2019 Theses Doctoral
Low Inflation: Potential Causes, Effects and Solutions
My dissertation focuses upon low inflation. Many developed countries, especially Japan and the Eurozone, have recently experienced prolonged periods of below-target inflation. This has been blamed for many economic ills including worsening the Great Recession and generating a slow recovery, making monetary policy ineffective and leading to lower labor market flexibility. I study what has caused low inflation, its potential effects and how it could be prevented.
In Chapter 1, I look at how effective raising the inflation target would be in mitigating the problems of low inflation. Many economists have proposed raising the inflation target to reduce the probability of hitting the zero lower bound (ZLB). It is both widely assumed and a feature of standard models that raising the inflation target does not impact the equilibrium real rate. I demonstrate that once heterogeneity is introduced, raising the inflation target causes the equilibrium real rate to fall in the New Keynesian model. This implies that raising the inflation target will increase the nominal interest rate by less than expected and thus will be less effective in reducing the probability of hitting the ZLB. The channel is that a rise in the inflation target lowers the average markup by price rigidities and a fall in the average markup lowers the equilibrium real rate by household heterogeneity which could come from overlapping generations or idiosyncratic labor shocks. Raising the inflation target from 2% to 4% lowers the equilibrium real rate by 0.38 percentage points in my baseline calibration. I also analyse the optimal inflation level and provide empirical evidence in support of the model mechanism.
In Chapter 2, I study to what degree the recent fall in inflation can explain the rise in firm profitability which has been blamed for a rise in inequality. A theoretical relationship between inflation and profitability is known to exist. I investigate the degree to which the recent fall in inflation can explain the rise in firm profitability. My three primary findings are: 1. The negative relationship between inflation and profitability does not hinge upon the Calvo assumption. Raising inflation significantly lowers profitability under all common price rigidities. The relationship can actually be significantly stronger under menu costs. 2. A rise in the degree to which firms discount the future magnifies the effect; a rise in elasticity of substitution can increase or decrease the effect depending upon the price rigidity. 3. The profit share has risen by around 3.5p.p. since the 1990s. In a richer model with firm heterogeneity, the recent fall in inflation is estimated to explain 14% of the rise. This can increase to 29% if firms are allowed to discount the future by more in line with estimates from the finance literature. I also provide empirical evidence for the negative relationship between inflation and firm profits.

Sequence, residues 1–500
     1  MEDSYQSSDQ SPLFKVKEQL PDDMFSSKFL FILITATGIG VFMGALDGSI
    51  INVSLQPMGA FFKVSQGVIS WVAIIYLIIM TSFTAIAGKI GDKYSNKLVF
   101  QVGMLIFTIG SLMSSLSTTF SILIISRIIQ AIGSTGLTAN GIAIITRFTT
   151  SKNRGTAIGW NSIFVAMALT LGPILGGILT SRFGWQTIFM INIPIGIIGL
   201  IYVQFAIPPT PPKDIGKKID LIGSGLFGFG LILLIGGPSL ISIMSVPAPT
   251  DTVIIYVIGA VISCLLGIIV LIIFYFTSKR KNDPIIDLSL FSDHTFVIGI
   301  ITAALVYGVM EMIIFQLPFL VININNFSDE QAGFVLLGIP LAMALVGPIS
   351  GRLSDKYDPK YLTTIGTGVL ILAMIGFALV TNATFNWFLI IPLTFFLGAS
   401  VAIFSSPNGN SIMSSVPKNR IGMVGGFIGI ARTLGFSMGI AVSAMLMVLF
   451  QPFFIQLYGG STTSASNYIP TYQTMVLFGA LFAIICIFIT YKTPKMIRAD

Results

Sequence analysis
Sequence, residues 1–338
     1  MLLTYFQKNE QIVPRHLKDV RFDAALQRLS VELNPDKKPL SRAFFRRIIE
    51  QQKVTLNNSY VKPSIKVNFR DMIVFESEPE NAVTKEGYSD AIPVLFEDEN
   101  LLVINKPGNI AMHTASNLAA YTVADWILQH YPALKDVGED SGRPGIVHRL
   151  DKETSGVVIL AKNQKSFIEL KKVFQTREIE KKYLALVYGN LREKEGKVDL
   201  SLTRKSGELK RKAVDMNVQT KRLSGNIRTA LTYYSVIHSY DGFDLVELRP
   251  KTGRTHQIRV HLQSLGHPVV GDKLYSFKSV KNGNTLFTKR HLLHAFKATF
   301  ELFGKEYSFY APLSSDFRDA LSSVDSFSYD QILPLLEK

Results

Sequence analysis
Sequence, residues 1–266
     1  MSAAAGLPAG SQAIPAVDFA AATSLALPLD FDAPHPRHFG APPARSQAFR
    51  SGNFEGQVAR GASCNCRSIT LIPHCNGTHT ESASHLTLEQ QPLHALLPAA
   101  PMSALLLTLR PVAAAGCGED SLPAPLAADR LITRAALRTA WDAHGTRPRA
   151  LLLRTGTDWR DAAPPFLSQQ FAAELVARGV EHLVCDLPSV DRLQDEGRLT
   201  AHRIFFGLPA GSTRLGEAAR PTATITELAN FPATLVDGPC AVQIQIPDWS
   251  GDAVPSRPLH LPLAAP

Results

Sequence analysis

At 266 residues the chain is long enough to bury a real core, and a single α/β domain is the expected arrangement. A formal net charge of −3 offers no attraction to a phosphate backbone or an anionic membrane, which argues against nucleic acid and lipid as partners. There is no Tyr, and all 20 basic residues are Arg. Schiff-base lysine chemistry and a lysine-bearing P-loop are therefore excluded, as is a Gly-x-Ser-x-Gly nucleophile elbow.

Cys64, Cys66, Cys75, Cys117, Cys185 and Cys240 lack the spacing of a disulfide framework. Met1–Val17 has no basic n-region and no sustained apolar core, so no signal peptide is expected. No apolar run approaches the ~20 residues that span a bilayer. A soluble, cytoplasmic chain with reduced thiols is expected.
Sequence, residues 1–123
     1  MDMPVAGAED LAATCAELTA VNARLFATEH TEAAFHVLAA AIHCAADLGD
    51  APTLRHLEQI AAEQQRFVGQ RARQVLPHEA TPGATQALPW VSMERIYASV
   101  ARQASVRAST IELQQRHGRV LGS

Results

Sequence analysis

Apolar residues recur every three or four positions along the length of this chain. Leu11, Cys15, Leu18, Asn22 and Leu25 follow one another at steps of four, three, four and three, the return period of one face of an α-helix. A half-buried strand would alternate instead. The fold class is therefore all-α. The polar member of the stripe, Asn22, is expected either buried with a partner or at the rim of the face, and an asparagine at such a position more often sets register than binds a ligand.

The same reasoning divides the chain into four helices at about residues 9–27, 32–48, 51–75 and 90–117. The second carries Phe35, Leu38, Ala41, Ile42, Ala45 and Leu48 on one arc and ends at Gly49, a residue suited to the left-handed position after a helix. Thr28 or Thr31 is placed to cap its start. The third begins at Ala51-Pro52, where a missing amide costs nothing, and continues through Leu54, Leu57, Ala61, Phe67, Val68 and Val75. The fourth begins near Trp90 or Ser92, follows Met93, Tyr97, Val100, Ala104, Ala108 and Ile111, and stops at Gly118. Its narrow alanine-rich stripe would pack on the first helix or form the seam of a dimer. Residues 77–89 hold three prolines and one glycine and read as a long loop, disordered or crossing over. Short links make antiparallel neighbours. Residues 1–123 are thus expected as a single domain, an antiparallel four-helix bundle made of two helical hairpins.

In Chapter 3, I examine whether behavioral features can help to explain why some countries have persistently experienced low inflation at the zero lower bound. Economists are keen to introduce behavioral assumptions into modern macroeconomic models. A popular framework for doing so is sparse dynamic programming, which assumes that agents partly base their expectations upon a default model which is typically the steady state. This means agents' expectations will be wrong if there are long-run deviations from the default model and assumes agents can compute the default. I introduce an alternative form of sparse dynamic programming which tackles these problems by allowing for long-run updating to the behavioral part of agents' expectations. I apply this to derive a long-run behavioral New Keynesian model. Within this model, fixed interest rates yield indeterminacy and the costs of remaining at the zero lower bound are unbounded. These results are very different to a behavioral New Keynesian model based upon standard sparse dynamic programming, which can yield determinacy under fixed interest rates and bounded costs of the zero lower bound.
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More About This Work
- Academic Units
- Thesis Advisors
- Woodford, Michael
- Ph.D., Columbia University
- Published Here
- April 24, 2019